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More Chinese coming – short term and long term

14 October 20160 comments

Permanent or long term migration into Australia appears to be stabilising with totals of new arrivals topping 266,000 in the year to August, according to latest Australian Bureau of Statistics (ABS) figures.

The number of permanent settlers arriving each year has begun to gradually rise again after a downturn that came with the end of the mining construction boom in 2012 with around 57 per cent of settlers coming from Asia.

The ABS Overseas Arrivals and Departures figures indicate annual population growth in 2016 will be about 1.3 per cent, or between 300,000 and 350,000 people.

migration-figuresBut the makeup of new arrivals to Australia has changed very significantly since the peak of the mining investment boom in 2012, with Sydney and Melbourne accounting for a record and growing share of new arrivals while regional population growth has slowed.

More significantly, total number of annual short term arrivals increased by a massive 10.6 per cent over the year to August and now totals almost 8 million.

“Short-term visitor arrivals during August 2016 (696,700 movements) increased 0.5 per cent, compared with July 2016 (693,000 movements),” the ABS report said.

“This followed monthly increases of 0.9 per cent in June 2016 and 0.7 per cent in July 2016. The current trend estimate for arrivals is 11.7 per cent higher than in August 2015.”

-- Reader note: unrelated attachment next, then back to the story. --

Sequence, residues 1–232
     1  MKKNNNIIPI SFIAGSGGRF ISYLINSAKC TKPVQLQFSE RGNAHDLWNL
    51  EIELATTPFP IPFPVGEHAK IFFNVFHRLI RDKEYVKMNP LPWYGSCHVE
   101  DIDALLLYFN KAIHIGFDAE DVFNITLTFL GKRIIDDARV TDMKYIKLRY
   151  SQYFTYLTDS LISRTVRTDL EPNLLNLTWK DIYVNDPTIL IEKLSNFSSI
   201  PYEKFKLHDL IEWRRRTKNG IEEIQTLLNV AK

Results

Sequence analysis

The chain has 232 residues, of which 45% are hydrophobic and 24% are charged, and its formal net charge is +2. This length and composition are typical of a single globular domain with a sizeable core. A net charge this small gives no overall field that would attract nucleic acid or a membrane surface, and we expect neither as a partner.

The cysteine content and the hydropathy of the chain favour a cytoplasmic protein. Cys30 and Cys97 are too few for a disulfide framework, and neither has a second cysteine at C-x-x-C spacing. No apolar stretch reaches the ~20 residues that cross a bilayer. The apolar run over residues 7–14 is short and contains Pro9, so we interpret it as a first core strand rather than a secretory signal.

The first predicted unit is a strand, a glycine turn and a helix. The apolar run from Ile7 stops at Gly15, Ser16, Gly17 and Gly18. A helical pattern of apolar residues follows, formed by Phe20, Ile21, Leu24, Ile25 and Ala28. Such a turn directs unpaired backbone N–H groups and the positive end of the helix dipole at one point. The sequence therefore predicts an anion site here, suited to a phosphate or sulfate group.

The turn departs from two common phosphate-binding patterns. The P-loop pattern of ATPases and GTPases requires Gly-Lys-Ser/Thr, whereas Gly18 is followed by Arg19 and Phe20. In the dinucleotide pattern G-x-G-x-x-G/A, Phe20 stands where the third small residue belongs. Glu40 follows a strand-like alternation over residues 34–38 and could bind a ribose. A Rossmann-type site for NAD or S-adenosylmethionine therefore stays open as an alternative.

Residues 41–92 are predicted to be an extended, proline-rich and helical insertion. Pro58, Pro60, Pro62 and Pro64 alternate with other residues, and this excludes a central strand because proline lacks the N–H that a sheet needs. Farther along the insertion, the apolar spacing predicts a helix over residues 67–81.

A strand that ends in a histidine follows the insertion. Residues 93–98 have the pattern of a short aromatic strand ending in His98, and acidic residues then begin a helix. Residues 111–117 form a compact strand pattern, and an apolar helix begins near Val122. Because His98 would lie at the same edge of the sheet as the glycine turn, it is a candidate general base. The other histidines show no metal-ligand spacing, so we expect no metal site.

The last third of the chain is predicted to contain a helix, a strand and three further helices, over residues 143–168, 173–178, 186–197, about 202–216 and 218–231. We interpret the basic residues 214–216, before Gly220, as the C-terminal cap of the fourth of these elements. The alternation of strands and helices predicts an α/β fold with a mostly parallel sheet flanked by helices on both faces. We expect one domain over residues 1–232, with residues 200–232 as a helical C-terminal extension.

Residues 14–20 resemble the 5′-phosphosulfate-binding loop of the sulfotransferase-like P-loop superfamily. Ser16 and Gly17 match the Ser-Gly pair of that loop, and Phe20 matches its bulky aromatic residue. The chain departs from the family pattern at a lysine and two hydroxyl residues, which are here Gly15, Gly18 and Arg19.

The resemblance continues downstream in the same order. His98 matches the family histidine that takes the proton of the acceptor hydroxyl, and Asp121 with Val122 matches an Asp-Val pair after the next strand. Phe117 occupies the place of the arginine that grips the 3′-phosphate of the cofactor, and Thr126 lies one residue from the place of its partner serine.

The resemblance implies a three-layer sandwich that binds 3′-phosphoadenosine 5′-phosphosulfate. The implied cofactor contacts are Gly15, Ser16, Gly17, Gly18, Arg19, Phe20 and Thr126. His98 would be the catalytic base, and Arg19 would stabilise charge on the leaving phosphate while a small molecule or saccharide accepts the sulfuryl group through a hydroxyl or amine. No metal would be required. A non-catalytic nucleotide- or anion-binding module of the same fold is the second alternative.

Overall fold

Outbound trips are still increasing also, but at a slower pace.

The annual number of arrivals from China has continued to grow at a significant rate rising by 23.1 per cent over the past year to reach a new high of 1.18 million.

There are now more annual visitors from China and Hong Kong to Australia than there are from our near neighbour New Zealand.

While many are short term arrivals tourists, there are around 500,000 short term arrivals into Australia over the year to August who were foreign students.

migration-figures-2Commentators say higher education in Australia is attractive to international students from Asia, as it comes with the lure of potential permanent residency.

It is now more than two years since Australia’s higher education boom began in earnest and commentators and government agencies are predicting a significant rise in students being granted permanent residency.

While permanent and long term migration to Australia seems to have steadied, there are appreciable trends when you drill down into specific cohorts of arrivals.

Looking at monthly visitors from China, there is a doubling from less than 50,000 per month in early 2012 to well over 100,000 per month in the third quarter of 2016.

Laurie Nowell
AMES Australia Senior Journalist